Being a blue-collar apprentice in Australia can be rewarding, fulfilling and lead to a profitable career. But for a few, it’s an introduction to workplace bullying, unsafe pranks, harassment and childish initiation rituals. And when that line is crossed, businesses find themselves face to face with the high price of workplace bullying.
Bullying within the trades now receives a higher profile than in previous decades and today’s workers tend to have a better understanding of their rights. But that doesn’t mean the old-school mindset of ‘toughening up’ a new worker has disappeared completely.
Some pranks can be good-humoured and non-threatening. Sending the newbie to the supply desk for ‘a set of fallopian tubes’ or ‘a left-handed hammer’ may be immature. However, it can’t be considered bullying–unless such requests form part of a larger campaign of ongoing harassment.
When the line is crossed into racism, sexism, repeated intimidation, chronic belittlement, sexual harassment or other forms of sustained victimisation, a whole set of problems can arise. This includes expensive lawsuits.
‘Harmless fun’ isn’t harmless when it drags down workplace culture and affects employee well-being and emotional health.
Job insecurity plays a huge part in bullying scenarios. Bullies love to use your job insecurity against you.
The flimsier your contract, the more temporary your position and the less HR support you will have. Moreover, the more isolated and helpless bullies can make you feel, the more power it gives them.
Research has found that nearly half of all Australian employees experience workplace bullying during their careers. Equally telling is that 40% of these victims were bullied early in their careers at a young age. Young people employed in stressful environments with limited workplace social support were found to be at the highest risk of bullying.
Fragile job security can lead to a work climate that’s a breeding ground for negative behaviours. It can be emotionally devastating to go home at night wondering if you’ll still have a job in the morning—solely because you’ve been targeted by a workplace bully.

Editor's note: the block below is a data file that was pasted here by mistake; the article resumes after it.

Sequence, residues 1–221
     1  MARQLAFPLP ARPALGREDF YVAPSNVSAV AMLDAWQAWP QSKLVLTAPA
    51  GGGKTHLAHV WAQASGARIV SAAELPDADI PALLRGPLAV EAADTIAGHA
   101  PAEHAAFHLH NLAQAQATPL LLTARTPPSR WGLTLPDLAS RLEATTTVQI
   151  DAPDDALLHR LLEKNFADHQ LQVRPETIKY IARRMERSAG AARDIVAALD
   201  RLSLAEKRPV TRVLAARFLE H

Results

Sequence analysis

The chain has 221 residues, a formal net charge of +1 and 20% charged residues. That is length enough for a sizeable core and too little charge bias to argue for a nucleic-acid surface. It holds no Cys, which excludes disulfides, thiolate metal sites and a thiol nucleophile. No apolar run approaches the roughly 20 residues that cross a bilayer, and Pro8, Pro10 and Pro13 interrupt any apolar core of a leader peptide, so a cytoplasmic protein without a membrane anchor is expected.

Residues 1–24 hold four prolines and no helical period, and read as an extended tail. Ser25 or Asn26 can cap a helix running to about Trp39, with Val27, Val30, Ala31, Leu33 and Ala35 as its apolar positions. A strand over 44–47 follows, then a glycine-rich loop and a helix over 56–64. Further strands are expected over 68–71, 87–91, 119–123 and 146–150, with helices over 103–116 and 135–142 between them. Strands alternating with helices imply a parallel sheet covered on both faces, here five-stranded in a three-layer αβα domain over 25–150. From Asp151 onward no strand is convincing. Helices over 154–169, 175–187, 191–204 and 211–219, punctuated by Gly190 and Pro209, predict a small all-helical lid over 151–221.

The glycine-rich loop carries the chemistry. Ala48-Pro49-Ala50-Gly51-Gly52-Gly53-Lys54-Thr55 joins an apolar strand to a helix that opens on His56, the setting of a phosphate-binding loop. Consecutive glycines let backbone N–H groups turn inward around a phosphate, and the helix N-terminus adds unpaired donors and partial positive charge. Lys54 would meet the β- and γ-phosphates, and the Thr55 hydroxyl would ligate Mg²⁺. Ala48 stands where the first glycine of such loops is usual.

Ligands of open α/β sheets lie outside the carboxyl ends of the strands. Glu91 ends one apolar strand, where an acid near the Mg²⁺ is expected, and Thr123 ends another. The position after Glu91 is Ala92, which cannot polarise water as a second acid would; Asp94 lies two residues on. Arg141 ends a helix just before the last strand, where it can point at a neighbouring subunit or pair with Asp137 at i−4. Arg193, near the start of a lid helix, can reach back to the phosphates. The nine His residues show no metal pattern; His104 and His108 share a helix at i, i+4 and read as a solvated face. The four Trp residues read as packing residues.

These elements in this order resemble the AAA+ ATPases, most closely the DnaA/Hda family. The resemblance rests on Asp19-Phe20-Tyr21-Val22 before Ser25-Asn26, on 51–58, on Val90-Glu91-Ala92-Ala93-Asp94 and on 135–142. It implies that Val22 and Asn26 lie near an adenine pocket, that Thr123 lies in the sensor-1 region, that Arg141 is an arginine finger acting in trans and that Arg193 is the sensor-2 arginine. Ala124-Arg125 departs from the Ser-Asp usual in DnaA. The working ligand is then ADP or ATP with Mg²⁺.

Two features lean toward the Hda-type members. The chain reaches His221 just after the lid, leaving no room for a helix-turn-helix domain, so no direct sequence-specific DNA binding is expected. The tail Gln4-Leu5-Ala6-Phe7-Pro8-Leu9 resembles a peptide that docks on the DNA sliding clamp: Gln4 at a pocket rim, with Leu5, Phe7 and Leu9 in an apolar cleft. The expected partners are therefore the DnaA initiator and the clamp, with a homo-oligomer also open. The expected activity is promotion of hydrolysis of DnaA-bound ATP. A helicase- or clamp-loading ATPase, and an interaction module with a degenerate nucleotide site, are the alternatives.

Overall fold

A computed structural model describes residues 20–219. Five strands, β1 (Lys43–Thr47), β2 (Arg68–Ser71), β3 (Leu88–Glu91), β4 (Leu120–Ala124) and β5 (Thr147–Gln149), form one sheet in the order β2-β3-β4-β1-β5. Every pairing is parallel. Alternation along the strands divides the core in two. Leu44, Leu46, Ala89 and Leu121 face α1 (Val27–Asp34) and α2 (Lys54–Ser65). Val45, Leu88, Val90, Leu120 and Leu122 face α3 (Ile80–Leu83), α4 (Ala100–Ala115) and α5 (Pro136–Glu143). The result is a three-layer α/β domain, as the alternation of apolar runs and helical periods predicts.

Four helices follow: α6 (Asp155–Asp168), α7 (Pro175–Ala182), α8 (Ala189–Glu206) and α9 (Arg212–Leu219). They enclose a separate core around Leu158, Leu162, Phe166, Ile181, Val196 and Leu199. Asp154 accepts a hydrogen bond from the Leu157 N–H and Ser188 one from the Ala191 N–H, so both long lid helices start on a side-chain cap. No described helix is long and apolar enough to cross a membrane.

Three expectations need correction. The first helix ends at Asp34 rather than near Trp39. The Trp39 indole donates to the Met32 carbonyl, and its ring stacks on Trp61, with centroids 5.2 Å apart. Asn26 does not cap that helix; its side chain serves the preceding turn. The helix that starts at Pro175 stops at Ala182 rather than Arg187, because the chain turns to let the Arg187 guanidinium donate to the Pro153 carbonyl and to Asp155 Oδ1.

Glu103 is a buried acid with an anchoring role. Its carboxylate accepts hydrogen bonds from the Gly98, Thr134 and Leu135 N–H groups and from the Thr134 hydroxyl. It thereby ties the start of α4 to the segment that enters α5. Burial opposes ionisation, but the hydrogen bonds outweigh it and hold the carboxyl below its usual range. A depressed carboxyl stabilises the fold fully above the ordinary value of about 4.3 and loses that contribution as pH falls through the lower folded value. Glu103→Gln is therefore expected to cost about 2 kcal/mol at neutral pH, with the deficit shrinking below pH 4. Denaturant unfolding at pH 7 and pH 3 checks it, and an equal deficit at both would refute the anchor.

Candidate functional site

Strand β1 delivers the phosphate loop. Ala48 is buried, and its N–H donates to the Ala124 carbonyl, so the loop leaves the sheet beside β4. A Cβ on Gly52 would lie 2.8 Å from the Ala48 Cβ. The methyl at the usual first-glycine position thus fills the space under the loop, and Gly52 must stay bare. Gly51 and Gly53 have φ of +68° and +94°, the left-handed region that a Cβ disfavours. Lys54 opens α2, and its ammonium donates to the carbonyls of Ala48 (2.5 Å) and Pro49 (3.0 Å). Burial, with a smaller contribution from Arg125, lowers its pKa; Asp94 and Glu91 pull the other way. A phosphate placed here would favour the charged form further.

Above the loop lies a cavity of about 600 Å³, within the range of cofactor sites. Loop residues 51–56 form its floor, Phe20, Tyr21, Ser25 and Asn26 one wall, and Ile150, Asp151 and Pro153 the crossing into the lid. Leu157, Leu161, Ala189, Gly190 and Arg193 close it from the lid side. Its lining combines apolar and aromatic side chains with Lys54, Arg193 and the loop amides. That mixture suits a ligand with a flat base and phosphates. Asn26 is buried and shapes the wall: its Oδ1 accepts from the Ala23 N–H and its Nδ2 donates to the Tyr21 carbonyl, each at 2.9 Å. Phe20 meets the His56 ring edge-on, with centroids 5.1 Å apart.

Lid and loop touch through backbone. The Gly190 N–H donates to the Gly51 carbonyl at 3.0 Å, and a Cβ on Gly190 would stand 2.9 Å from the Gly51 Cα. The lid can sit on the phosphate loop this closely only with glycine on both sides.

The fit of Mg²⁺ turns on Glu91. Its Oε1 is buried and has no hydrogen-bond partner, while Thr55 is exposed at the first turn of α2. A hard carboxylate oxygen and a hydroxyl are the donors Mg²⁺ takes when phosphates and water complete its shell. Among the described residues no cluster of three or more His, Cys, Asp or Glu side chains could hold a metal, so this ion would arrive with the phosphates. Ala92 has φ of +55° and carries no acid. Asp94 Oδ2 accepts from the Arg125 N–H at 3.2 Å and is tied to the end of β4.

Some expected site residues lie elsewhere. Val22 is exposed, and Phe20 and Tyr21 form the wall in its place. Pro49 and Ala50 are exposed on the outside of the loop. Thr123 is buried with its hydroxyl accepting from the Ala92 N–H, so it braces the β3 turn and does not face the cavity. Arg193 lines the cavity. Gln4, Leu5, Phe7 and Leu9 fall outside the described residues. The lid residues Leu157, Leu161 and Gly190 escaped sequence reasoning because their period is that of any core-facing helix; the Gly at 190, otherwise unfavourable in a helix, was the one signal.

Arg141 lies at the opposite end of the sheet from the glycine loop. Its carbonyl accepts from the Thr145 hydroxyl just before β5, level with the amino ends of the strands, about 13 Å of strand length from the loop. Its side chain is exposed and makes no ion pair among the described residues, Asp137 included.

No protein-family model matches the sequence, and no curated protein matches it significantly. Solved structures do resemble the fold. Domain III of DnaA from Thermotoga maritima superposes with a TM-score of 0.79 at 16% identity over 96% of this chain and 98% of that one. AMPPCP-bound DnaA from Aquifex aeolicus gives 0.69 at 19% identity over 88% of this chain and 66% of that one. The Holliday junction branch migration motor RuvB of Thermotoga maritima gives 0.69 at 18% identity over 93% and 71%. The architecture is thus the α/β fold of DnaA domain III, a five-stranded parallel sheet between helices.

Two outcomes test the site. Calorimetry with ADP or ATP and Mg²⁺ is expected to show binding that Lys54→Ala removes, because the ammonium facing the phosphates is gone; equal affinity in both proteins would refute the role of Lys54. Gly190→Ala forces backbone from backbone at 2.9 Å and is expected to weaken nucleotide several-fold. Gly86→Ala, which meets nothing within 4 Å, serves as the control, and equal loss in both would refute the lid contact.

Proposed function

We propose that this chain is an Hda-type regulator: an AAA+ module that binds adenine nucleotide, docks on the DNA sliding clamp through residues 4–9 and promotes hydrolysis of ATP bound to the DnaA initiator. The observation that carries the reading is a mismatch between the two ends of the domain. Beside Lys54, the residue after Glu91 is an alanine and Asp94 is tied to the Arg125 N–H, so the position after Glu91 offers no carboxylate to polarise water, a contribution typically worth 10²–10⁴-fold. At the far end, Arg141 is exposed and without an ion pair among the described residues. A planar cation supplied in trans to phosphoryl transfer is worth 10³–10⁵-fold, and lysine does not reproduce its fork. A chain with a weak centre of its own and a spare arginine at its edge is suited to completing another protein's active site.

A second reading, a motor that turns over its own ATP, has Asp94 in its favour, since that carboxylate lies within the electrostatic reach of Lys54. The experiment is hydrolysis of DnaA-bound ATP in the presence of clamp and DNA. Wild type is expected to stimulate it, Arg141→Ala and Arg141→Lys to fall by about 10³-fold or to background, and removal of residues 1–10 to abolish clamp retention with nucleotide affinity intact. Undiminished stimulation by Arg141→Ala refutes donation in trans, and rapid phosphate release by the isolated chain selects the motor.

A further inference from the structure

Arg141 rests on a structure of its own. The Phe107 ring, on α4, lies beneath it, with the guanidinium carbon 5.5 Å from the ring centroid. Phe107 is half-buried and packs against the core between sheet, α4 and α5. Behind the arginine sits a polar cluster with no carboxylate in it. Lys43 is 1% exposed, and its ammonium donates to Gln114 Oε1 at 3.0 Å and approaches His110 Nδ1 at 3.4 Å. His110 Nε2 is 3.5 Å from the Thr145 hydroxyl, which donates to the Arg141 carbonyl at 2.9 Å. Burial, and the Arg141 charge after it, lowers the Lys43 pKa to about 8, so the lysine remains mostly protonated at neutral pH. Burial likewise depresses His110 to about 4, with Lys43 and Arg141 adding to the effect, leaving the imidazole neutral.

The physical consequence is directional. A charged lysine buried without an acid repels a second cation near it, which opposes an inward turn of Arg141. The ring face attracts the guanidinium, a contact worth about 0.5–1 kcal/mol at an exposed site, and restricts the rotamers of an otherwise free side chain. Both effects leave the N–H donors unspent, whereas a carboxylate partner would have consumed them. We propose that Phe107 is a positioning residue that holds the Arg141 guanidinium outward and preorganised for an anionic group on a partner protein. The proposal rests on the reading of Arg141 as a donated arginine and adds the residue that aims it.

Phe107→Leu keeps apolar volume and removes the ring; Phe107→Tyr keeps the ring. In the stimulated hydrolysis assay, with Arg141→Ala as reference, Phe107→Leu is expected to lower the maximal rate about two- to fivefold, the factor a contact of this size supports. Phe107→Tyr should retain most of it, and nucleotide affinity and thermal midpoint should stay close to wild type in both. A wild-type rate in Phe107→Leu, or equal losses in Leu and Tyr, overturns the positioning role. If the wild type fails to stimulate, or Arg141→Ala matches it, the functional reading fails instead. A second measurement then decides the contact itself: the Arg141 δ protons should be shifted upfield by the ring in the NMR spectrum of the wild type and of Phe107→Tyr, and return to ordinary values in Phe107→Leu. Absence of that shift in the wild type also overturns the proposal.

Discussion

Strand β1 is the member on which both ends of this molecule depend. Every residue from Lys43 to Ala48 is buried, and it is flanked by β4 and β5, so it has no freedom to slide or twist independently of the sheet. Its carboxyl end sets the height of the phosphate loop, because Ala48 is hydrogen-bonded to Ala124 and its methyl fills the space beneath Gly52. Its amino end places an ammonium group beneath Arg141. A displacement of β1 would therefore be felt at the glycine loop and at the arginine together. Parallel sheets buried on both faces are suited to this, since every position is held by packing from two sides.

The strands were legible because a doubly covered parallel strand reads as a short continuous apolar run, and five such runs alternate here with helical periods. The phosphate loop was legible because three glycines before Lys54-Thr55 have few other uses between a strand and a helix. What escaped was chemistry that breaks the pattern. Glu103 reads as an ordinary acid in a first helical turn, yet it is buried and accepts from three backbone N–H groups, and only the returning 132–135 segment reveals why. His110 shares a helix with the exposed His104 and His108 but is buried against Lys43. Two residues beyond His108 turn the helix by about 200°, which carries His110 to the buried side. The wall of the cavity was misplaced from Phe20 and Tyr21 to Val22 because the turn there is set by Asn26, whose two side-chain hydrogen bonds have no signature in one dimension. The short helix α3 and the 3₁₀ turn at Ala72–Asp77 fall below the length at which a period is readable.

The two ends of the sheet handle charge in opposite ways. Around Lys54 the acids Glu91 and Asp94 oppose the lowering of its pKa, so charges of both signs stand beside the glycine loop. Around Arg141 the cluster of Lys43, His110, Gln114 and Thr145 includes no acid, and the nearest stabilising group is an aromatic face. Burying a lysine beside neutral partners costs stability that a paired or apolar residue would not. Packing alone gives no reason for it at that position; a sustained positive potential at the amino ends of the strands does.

What many bullying victims don’t realise (or realise too late) is that they have some power too.
Bullies place themselves in a precarious position. Not only does their behaviour create a poisonous environment that adversely affects productivity but some of their actions may be against the law.
Bullying of anyone in the workplace, apprentices or not, has a huge and proven negative impact.
Productivity drops. There’s also higher staff turnover, which leads to extra training and recruitment costs. In addition, work is disrupted while employee complaints are investigated.
Morale or motivation also decreases, while absenteeism or presenteeism rises. There are also extra costs associated with workers’ compensation claims, support, mediation and counselling. Furthermore, business reputation suffers.
Research shows that bullying costs Australia up to $36 billion each year, with the average case draining employer’s pockets to the tune of $17,000-24,000. Fines under the Workplace Health and Safety Act can be as much as $3 million for a Category 1 offence. On top of all that, workplace stress costs this country more than $14 billion a year.
For everyone’s sake, we need to treat our hard-working apprentices, interns and new hires with the respect they deserve.
Bullyology® is passionate about raising awareness on the effects of bullying and helping people break the silence. If you would like to book us for a training course or speaking event, please get in touch.
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